What You Need To Know
- Hurricane Sally moving slowly
- Coastal flood advisory for Citrus County
- The clouds and rain keep our temperatures below average
- Get the 7-Day Forecast ►
Hurricane Sally is bringing high winds, storm surge flooding and inland flooding to the Florida panhandle and Alabama this morning.
Sally is responsible for the higher than normal tides on our shores too. There is a coastal flood advisory for Citrus County through Thursday evening. Water levels could be 2 to 3 feet higher than normal during times of high tide.
The rest of our coastline will deal with choppy seas from Sally and a high rip current risk continues along our beaches.
The circulation around Sally will continue to pull in deep tropical moisture, keeping more clouds and some high rain chances in our area for the next couple of days.
Expect mostly cloudy skies with a 60 percent chance of showers and storms on Wednesday and Thursday.
If you exercise outside, watch out for heavy downpours and lightning. At least it won’t be too hot. Due to the clouds and the rain, high temperatures will be in the mid-to-upper 80s again.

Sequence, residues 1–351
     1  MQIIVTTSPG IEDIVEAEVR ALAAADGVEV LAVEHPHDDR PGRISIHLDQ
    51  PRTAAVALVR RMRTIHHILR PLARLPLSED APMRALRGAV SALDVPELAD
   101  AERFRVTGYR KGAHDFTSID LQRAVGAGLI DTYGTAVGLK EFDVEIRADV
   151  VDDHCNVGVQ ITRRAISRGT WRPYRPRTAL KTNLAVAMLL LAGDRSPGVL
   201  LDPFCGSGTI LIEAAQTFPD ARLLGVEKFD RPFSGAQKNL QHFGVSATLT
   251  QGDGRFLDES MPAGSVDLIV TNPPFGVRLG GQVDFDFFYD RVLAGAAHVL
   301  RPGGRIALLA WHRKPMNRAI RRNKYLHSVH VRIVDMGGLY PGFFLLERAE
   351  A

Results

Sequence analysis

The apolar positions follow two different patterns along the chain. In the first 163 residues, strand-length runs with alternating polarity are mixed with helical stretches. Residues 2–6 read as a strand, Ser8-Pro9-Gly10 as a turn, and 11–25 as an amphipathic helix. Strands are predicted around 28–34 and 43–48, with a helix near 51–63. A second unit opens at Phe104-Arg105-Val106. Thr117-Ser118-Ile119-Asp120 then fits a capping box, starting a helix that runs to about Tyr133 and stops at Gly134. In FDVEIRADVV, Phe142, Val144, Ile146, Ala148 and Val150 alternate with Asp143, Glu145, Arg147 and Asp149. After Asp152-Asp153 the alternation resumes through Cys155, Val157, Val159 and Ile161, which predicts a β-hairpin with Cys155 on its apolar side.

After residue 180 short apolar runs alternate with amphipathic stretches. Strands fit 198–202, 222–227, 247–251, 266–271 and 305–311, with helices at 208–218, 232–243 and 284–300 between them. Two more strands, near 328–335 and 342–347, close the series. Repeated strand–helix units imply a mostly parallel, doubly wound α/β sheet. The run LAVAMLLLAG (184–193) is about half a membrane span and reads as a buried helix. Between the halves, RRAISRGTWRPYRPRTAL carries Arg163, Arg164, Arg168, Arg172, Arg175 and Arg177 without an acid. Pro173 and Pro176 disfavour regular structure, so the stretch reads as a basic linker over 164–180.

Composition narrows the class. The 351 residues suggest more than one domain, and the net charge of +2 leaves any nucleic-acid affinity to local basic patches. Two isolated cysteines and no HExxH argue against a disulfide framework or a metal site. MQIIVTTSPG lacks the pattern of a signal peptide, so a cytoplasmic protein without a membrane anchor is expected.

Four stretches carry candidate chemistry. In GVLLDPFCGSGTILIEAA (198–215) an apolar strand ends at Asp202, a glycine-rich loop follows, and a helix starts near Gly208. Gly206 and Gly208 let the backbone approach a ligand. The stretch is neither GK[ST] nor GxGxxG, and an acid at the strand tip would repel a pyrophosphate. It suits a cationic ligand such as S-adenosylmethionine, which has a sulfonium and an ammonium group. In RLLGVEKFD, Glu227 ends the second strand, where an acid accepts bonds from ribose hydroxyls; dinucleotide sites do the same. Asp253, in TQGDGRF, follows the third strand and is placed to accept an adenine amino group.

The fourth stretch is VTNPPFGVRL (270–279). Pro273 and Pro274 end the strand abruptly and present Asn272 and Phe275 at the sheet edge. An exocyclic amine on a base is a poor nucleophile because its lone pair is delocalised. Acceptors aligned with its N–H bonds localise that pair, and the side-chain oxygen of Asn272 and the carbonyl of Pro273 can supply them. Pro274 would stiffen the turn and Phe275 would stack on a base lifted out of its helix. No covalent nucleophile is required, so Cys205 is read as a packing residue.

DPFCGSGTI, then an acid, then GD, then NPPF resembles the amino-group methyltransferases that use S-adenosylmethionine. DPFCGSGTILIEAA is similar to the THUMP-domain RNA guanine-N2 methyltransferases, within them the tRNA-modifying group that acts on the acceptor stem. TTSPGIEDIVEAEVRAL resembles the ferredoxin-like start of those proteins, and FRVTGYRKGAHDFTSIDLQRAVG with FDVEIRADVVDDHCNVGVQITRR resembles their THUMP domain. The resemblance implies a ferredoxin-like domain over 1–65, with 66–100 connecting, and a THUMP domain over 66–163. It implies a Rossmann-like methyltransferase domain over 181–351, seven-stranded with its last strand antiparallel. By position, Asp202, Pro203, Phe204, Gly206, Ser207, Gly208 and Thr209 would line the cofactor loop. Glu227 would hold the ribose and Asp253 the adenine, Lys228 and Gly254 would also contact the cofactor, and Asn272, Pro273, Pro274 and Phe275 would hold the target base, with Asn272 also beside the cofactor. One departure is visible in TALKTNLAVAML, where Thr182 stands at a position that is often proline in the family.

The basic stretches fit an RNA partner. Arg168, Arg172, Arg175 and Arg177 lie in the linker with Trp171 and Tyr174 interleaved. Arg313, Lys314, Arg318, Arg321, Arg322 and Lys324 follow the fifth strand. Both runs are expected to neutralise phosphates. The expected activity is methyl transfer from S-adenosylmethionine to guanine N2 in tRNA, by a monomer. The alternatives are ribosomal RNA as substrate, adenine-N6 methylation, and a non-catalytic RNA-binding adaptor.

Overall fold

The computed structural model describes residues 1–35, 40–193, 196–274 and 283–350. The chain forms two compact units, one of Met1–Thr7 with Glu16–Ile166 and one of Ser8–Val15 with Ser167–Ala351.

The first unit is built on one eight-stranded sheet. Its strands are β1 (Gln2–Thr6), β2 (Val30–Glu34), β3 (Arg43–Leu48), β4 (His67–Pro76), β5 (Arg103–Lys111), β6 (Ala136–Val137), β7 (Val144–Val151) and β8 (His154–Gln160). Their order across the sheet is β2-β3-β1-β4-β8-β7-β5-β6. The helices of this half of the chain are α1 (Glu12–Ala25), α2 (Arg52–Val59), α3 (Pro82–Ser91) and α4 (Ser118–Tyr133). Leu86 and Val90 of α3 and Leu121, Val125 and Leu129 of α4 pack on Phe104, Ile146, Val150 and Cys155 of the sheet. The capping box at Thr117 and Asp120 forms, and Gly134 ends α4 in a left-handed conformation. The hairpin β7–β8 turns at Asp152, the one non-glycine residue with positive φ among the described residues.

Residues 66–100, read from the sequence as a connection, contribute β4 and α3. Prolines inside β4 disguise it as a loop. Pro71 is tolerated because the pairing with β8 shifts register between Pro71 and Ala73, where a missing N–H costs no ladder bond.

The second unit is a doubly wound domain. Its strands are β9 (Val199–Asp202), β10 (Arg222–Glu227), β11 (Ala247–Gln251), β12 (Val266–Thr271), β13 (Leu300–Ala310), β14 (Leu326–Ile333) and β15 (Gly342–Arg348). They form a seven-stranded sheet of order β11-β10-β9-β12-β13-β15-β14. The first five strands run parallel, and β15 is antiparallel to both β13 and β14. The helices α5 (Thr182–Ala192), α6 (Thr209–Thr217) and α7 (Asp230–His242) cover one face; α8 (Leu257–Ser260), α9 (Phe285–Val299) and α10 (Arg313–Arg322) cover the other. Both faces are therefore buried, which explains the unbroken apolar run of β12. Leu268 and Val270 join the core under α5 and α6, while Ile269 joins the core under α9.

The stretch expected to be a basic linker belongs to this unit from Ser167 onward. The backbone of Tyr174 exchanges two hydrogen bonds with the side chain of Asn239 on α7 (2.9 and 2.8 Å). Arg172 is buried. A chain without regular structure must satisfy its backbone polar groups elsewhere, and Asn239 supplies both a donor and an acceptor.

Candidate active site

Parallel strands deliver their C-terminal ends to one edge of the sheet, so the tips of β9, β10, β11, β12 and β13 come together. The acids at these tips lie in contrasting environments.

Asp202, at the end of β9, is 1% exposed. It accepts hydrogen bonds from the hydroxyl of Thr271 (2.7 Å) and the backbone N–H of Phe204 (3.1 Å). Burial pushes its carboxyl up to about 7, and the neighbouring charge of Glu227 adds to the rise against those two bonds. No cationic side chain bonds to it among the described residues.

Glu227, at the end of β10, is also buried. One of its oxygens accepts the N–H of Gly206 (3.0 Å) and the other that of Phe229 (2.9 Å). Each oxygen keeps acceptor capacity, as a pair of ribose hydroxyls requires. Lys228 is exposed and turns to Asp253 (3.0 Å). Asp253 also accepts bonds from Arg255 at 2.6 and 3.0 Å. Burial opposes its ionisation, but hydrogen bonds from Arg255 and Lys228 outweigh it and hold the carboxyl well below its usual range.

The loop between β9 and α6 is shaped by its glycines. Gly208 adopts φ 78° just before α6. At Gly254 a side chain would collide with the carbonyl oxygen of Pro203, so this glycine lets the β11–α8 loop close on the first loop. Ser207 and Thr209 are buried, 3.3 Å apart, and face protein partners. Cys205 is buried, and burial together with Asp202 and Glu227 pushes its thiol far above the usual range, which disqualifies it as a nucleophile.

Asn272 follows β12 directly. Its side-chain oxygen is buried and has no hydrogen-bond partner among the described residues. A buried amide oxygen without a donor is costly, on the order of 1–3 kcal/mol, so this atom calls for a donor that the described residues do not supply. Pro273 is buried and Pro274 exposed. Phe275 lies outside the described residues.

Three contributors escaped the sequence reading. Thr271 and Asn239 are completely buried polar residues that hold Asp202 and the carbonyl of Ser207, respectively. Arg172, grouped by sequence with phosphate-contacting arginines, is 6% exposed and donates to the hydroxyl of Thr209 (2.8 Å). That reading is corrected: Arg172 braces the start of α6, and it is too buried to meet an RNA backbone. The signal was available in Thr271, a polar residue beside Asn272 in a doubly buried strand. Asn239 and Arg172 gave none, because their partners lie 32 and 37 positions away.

Boating and Beach Forecast
A south wind is around 15 to 20 knots. Seas are 3 to 6 feet.
There is a high risk of rip currents at the beaches Wednesday so be sure to swim near a lifeguard.
Tides will run above normal and a coastal flood advisory is in effect for Citrus County.
There will be periods of showers and thunderstorms.
It is the peak of the Atlantic hurricane season, and there are several systems to watch.
In addition to Hurricane Sally, there is also Hurricane Paulette, Hurricane Teddy and Tropical Storm Vicky. Those are not near any land right now.
Another tropical disturbance will likely form over the far eastern Atlantic in the coming days.
There is only one more name on the 2020 Hurricane Season list: Wilfred. Should we go beyond Wilfred, then the Greek alphabet will be used to name storms in the Atlantic. It has happened one time before, during the 2005 hurricane season.